Calculate your commute: Where to live in London for commuting by tube or bike

London Skyscrapers London Building Surveyors


Choosing where to live is a major life choice – however when it comes to buying in London, the choices can seem even more overwhelming. With so many factors to consider, especially affordability, it can seem like a daunting task to find a location that meets all your requirements. One of the biggest considerations is, of course, proximity to the workplace, or at least proximity to a well-connected tube or train station. However, as the way we work seems set to change, many people are also considering properties closer to cycle routes, or at least within a reasonable cycle commute to their office.


For those working in central London, owning a property as close as possible to the office may have been a priority in order to cut commute time pre-pandemic, yet with working from home becoming a bigger part of people’s lives, the idea of living less central, and therefore considerably less expensive, as a trade-off for a slightly longer, but far less frequent commute, is extremely appealing.


To help you make a decision, we’ve rounded up the best locations per price, connections and location, whether you’re intending to take public transport or cycle to work in the future – or perhaps a combination of both.


Most affordable tube lines to live on


Coming in first place as the cheapest tube line to live on is the Metropolitan Line. Spanning 40 miles and home to 34 stations, the Metropolitan Line is connected via some of London’s most important stations and stops, such as Baker Street and Liverpool Street Station. Areas such as Wembley Park and central Aldgate are both affordable and well-connected, boasting average houses prices of £455,000 and £694,000, respectively.


The Waterloo and City Line is one of London’s underground anomalies – the line only runs between two stations, Waterloo and Bank and is the only tube line to operate a four-coach train. However, for those working in the City, it provides an invaluable service from the affordable and up-and-coming South Bank residential area. That being said, house prices in Bank itself are perhaps more affordable than you may think considering its central location, averaging £780,000.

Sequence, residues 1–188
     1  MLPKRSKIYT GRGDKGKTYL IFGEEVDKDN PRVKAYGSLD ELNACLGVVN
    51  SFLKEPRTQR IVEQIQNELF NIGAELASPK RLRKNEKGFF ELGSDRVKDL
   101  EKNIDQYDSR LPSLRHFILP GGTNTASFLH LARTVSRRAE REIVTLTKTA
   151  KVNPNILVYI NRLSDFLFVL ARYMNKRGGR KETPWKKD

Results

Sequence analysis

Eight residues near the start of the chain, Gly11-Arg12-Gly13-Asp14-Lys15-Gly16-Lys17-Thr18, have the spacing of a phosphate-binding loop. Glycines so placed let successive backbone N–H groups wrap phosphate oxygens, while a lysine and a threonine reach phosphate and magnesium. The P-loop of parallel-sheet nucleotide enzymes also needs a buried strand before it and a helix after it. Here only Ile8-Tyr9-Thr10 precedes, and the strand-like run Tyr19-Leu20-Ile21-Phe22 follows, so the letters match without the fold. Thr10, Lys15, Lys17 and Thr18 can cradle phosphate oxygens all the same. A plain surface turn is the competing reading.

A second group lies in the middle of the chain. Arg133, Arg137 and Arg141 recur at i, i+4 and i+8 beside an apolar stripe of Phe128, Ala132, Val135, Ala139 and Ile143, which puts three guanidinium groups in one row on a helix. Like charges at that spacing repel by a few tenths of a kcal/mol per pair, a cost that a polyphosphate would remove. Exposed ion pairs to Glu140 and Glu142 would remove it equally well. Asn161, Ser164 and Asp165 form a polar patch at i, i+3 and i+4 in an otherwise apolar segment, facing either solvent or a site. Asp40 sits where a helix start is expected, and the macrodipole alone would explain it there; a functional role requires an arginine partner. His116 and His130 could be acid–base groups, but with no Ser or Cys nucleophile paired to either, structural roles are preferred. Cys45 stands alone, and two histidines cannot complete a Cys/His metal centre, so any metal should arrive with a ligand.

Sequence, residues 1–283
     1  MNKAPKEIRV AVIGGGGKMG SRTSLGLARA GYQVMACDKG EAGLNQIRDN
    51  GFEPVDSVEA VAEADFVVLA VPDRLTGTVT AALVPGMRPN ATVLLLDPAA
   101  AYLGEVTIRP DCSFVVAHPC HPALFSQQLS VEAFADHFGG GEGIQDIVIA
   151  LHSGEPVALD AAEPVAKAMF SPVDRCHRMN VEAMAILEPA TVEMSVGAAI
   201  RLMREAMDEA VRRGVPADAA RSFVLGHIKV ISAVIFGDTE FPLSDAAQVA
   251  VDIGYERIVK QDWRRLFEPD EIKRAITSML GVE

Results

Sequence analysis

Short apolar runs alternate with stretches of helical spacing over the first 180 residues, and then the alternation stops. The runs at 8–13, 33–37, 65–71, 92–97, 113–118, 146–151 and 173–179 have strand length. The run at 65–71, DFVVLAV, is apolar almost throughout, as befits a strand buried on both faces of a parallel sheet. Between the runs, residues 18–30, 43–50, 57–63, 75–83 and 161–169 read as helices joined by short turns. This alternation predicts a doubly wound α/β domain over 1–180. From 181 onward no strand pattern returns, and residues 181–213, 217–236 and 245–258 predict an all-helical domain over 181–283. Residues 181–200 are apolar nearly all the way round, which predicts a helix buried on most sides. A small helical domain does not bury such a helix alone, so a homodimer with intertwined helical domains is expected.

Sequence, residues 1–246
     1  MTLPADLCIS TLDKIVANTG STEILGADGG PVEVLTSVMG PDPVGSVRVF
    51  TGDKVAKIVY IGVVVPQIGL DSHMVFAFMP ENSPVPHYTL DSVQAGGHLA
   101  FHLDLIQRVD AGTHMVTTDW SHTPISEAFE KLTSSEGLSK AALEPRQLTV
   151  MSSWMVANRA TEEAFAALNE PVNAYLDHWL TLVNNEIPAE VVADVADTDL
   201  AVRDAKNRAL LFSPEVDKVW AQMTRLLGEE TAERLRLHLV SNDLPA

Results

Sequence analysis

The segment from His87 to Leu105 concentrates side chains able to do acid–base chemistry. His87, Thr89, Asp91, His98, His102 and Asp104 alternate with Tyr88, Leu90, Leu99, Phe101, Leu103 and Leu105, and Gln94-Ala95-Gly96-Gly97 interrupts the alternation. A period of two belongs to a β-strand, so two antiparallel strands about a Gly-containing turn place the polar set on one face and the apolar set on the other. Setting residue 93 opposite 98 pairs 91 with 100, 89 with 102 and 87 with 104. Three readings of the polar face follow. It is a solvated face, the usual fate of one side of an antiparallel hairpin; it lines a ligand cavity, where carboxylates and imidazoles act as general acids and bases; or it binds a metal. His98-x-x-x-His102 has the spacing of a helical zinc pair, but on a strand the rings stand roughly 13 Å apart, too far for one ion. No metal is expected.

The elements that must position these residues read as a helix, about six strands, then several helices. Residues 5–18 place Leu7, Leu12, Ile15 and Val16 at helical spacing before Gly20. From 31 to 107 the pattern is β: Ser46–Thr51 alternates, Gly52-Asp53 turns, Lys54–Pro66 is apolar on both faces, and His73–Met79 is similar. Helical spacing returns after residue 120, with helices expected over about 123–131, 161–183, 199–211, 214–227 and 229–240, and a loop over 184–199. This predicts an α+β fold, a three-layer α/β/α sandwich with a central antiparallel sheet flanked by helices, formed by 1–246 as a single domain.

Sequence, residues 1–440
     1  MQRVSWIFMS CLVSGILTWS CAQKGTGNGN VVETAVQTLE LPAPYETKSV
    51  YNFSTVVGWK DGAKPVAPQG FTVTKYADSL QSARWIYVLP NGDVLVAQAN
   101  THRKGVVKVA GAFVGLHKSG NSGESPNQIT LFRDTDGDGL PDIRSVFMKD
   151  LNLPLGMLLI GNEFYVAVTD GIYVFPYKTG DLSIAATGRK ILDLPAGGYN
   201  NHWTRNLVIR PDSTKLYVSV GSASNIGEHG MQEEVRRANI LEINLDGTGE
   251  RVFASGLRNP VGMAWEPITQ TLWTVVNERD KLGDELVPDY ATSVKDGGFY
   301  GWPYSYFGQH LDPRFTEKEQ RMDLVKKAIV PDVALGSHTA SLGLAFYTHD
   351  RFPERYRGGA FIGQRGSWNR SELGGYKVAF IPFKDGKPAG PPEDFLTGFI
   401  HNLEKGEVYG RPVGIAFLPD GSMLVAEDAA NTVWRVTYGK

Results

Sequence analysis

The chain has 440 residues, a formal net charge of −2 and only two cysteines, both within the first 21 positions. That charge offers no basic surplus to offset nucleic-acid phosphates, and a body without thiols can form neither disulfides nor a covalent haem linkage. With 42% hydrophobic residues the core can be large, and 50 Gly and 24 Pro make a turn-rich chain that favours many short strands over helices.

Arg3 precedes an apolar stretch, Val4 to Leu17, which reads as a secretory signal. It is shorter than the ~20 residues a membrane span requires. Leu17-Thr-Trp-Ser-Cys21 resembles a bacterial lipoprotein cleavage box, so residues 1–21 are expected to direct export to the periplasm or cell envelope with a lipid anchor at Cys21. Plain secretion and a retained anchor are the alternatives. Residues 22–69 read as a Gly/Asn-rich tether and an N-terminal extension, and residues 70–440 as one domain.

The Central Line is one of London’s most popular, stretching 46 miles from West Ruislip, through the City and out to Epping in Essex. Its reach into the outer boroughs of Essex and zones five and six mean that property prices drop dramatically, while still living in an area with direct access to popular central working locations. If you’re looking to live closer, then the areas of Mile End, Stratford and East Acton are all good choices – where the average home can range from £360,000 – £500,000.


The Northern Line connects popular areas that are particularly buzzy with the millennial generation such as Clapham North, Oval, Balham and Kentish Town with a good variety of central locations. These areas are renowned for their affordability and popularity, making them ideal locations for first-time buyers.


Best postcodes for cycling to work

For those looking to cycle into the City/Canary Wharf, the postcodes that provide under a 30 minute cycling commute include:


  • E6
  • SE23
  • E13
  • E12
  • SE9
  • SE8


The cheapest of these areas are SE23, E6 and E13, averaging from £296,000 to £355,000.


For those wishing to get to the King’s Cross area of London, locations with under a 30 minute commute include:


  • SE16
  • SW9
  • N15
  • SE5
  • SE15
  • E3


The cheapest is SE15, with an average house price of £389,000.


If you’re needing to commute west to the Paddington area of London, you can get there in under 30 minutess of cycling from:


  • NW10
  • SE11
  • NW2
  • W3
  • SW9
  • SE17


The most affordable of these locations is SW9, averaging £476,000.


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